Acne is the most common skin condition in the United States. It afflicts up to 50 million Americans each year, including approximately 85 percent of the teen population, according to the American Academy of Dermatology. The unsightly pimples, nodules, cysts and scars that may accompany an acne breakout usually don’t qualify as a serious health issue, but they can cause significant emotional and psychological distress. Many myths surround acne, including the idea that some foods can cause it.
Acne is a disorder of the pilosebaceous units (PSU), according to the FDA. PSUs house the sebaceous glands that produce skin oil called sebum that is essential in keeping the skin moisturized. These glands are located just under the skin and are located all over the body, but they are most prevalent on the face, chest, upper back and shoulders. Inflamed oil glands, combined with Propionibacterium acnes bacteria, clogged pores and excess sebum, are thought to result in acne breakouts.
Some old wives’ tales blame the consumption of greasy fried foods like fried chicken or french fries for acne breakouts. Other myths tag chocolate, dairy products, potato chips and pizza as the culprits. Research as of 2010 does not provide any evidence of a link between any food or food group and acne, according to the AAD.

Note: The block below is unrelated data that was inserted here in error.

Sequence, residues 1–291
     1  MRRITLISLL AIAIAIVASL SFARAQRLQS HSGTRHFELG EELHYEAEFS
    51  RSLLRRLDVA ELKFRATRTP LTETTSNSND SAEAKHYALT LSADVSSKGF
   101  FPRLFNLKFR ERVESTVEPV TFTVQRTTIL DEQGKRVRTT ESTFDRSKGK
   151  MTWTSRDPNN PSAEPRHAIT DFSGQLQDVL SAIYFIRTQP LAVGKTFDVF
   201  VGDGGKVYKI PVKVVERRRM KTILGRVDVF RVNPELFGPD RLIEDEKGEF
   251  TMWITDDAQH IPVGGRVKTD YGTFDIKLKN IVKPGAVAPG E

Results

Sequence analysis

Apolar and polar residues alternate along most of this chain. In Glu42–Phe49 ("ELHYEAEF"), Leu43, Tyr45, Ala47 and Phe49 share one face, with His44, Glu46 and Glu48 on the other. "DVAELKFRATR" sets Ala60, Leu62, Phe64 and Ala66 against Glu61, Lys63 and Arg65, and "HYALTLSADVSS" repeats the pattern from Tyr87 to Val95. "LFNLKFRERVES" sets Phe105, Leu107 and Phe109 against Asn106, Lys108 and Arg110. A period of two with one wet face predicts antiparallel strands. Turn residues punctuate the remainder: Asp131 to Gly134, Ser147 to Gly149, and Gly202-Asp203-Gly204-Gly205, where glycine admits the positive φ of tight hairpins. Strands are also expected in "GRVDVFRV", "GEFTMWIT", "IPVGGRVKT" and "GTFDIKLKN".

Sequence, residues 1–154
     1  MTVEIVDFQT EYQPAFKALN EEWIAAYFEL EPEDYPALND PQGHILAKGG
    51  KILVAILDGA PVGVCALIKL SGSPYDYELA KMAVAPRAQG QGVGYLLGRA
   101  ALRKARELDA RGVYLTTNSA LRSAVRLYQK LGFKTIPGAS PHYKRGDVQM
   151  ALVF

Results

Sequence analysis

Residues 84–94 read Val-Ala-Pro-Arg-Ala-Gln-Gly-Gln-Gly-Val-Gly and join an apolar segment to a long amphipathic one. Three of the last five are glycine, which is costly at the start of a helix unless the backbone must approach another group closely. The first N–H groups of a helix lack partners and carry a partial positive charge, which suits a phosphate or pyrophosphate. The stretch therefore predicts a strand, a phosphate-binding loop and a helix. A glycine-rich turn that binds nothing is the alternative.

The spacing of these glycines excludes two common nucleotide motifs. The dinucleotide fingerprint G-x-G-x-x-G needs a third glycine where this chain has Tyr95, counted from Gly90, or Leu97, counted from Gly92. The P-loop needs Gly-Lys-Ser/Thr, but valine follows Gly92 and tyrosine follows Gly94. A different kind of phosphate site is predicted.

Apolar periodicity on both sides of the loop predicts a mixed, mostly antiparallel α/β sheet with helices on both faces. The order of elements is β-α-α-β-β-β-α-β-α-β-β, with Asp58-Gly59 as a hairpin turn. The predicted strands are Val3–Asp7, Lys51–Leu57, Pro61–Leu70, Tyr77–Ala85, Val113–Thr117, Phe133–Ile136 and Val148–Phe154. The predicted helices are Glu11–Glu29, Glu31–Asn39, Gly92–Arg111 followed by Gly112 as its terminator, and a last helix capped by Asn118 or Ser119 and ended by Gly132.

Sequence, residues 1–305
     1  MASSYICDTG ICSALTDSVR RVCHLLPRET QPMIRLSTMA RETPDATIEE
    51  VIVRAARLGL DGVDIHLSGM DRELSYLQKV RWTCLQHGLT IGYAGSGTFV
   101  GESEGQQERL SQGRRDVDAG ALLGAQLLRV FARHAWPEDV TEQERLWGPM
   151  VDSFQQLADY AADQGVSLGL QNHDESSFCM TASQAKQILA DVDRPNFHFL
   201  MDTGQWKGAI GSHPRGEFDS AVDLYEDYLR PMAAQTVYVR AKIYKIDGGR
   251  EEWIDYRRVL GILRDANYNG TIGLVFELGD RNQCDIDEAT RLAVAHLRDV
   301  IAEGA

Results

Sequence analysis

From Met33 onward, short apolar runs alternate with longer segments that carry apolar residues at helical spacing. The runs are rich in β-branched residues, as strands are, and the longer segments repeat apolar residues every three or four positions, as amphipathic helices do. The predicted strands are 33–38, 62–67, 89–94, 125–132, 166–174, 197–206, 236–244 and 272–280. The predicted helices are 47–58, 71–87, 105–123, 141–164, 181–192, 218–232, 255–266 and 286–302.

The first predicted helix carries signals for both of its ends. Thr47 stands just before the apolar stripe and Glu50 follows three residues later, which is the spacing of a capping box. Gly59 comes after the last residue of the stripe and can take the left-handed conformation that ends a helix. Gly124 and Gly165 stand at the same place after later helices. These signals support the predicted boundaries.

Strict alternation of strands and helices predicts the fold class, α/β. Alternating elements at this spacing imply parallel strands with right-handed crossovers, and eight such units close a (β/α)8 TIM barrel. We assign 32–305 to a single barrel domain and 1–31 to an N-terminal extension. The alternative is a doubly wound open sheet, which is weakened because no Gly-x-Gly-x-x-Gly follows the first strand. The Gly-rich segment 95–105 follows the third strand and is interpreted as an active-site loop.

There is some speculation among researchers that the typical Western diet which is high in refined carbohydrates may contribute to acne, according to the AAD. Small studies have been conducted using diets that consisted primarily of vegetables, fresh fruits and lean proteins. Results of these studies suggest a link between diet and acne may exist, but such a link has not been established as of 2010.
Acne is not caused by eating any particular type of food, but the AAD notes that some people report that their acne breakouts worsen after eating certain foods. Pay attention to what you eat. If a particular food appears to make your acne worse, you should avoid it. While eating greasy fried foods won’t cause acne, the act of eating foods like fried chicken may get some of the cooking oil on your face, which may aggravate existing breakouts.
Most acne cases can be treated, but the process typically takes at least four to eight weeks before results can be seen. Mild cases of acne usually respond well to over-the-counter topical medications containing salicylic acid or benzoyl peroxide. Moderate to severe cases usually require the intervention of a medical professional and may include treatment with prescription topical or oral medications. There is no scientific evidence that changing your diet will help.